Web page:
My first stop, after living for 22 years in a refugee camp in Gaza, was the city of Seattle, a pleasant, green city, where people drink too much coffee to cope with the long, cold, grey winters. There, for the first time, I stood before an audience outside Palestine, to speak about Palestine.
Here, I learned, too, of the limits imposed on the Palestinian right to speak, of what I could or should not say. Platforms for an impartial Palestinian discourse were extremely narrow to begin with, and when any was available, Palestinians hardly took center stage.
It was touching, nonetheless. Ordinary Americans, mostly from leftist and socialist groups defended Palestinian rights, held vigils following every Israeli massacre and handed out pamphlets to interested or apathetic pedestrians.
However, after spending almost two decades living in the US, Europe, Asia, the Middle East and travelling across the globe to speak about human rights—starting with Palestinian rights, history and struggle—I began to grasp the seriousness of an unmistakable trend: where the Palestinian narrative is marginalized and fundamentally misunderstood.
Back in the day, common justifications included: there were not enough Palestinian intellectuals around to speak for themselves; or that the benevolent leftists who took charge of the Palestinian story spent a week in Ramallah and another in Jerusalem, thus they were capable of enunciating the Palestinian experience; or that the struggle of Palestine is part of a larger battle against imperialism, thus one socialist speaker can mention Palestine, along with Cuba, Angola and Indochina in one, all-encompassing paragraph; or that Jewish speakers were more credible, because they are closer to the consciousness of American and Western audiences; and so forth.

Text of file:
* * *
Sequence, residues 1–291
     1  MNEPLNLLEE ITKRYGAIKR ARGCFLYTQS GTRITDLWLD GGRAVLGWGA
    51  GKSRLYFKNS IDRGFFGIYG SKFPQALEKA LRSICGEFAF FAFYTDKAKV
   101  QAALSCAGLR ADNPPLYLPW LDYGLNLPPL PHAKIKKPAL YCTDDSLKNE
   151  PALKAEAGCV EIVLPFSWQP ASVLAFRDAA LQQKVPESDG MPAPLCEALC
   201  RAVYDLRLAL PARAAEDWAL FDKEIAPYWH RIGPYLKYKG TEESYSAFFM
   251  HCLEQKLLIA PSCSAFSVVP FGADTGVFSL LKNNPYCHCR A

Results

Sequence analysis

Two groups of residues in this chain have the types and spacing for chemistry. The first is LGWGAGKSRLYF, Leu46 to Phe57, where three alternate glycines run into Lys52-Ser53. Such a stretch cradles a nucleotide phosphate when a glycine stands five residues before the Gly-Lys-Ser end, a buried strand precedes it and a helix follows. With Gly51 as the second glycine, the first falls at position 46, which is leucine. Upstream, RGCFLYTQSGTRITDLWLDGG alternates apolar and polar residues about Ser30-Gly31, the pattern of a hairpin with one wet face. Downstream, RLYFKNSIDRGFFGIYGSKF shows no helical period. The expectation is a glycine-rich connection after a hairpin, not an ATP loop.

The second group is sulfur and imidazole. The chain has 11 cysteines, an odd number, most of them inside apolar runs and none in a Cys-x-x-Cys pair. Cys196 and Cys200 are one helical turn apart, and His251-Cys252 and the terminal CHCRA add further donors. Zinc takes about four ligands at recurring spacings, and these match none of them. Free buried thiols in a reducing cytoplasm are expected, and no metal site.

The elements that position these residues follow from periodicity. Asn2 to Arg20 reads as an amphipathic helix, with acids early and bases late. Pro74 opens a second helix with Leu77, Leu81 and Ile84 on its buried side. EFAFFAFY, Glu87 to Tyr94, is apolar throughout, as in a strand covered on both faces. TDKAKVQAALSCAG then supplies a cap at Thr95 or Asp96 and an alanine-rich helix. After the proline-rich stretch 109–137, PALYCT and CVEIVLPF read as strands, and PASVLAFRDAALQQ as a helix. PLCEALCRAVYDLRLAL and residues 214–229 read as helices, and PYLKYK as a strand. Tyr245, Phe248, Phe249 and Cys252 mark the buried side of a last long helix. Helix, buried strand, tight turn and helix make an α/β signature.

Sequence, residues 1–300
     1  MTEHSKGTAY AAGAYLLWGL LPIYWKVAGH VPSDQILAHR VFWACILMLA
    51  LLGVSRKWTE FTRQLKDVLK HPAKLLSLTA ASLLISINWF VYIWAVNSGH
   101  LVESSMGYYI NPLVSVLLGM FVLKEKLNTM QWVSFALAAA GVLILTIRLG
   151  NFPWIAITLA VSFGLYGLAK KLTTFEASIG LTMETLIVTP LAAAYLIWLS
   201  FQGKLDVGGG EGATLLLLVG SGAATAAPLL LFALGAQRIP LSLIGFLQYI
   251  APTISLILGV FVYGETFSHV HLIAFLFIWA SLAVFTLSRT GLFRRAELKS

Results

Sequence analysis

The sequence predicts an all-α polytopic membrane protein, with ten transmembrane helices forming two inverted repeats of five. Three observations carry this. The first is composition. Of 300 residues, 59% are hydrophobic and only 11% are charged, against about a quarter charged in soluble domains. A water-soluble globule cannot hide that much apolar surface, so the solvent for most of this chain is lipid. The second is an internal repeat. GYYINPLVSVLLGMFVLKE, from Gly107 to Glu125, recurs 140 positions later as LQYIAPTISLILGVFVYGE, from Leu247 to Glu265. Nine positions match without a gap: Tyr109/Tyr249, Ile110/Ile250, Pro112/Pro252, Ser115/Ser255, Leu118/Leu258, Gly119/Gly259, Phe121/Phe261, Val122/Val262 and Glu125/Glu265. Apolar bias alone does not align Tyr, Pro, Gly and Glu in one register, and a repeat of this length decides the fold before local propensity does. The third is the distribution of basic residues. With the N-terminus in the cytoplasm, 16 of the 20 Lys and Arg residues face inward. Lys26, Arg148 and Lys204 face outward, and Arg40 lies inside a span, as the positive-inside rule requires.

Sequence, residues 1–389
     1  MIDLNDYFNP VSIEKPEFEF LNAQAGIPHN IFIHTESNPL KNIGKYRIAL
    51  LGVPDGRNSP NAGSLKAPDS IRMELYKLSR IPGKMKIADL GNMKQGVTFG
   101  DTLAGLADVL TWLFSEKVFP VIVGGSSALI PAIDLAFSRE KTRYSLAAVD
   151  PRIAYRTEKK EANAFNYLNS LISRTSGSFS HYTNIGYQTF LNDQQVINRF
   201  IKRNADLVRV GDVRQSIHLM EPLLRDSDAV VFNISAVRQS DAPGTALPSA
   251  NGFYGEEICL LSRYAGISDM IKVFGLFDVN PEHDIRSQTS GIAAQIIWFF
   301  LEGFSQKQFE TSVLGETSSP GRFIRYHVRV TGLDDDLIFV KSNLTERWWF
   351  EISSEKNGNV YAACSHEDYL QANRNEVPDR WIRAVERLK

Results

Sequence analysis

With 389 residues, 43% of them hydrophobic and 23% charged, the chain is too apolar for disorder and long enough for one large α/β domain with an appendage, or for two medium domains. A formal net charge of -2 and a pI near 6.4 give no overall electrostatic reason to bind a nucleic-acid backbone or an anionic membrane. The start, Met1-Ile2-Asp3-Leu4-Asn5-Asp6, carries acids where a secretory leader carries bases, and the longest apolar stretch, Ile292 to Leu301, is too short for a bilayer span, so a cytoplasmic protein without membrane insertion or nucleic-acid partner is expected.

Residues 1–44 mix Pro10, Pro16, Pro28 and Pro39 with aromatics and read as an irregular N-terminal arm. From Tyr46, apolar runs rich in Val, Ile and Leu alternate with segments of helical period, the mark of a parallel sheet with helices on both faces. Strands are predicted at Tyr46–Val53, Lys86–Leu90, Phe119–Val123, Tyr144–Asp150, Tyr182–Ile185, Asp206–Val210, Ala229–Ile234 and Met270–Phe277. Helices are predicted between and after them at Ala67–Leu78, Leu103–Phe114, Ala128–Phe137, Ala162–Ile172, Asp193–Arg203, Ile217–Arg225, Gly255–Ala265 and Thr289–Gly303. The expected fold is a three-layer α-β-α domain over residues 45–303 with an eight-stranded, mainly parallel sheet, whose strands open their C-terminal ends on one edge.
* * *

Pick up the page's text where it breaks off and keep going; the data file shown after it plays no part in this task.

So it was not uncommon to see an entire two-day conference on Palestine divided into several sessions and many workshops without a single Palestinian on the podium.
Things began to change in recent years, though, especially following the massive shift that the Internet and social media have brought about. However, the frame of mind that neglected or avoided the Palestinian narrative has not been defeated completely.
The problem is not a matter of adding a Mohammed, an Elias or a Fatima on the list of speakers as a token to show that Palestinians are incorporated into a discussion which is essentially about them, their past and future. It is, rather, the failure to appreciate the authenticity of the Palestinian narrative to the central discourse of the ‘Palestine-Israel conflict’ at every available platform, be it political, academic, cultural, artistic or in the media.
Thanks to the efforts of thousands of people around the world, there has been a solid push to bring the Palestinian to the fore; alas, it is not enough, because the challenge is multi-pronged.
There is a generational gap, where men of past generations think that the most clever way of reaching the hearts and minds of their countrymen is by obscuring the real Palestinian, whose language, historical references, priorities and expectations might be too alien to, say, an American audience. It is best, they believe, to have sympathetic voices, ‘from the other side,’ to address Palestinian grievances.
An equivalent to this would be having sympathetic British, Afrikaans or Germans address the historical plights of Indians, South Africans or Jews and other victims of Nazi atrocities. Not only is it unacceptable, it is also destined to fail.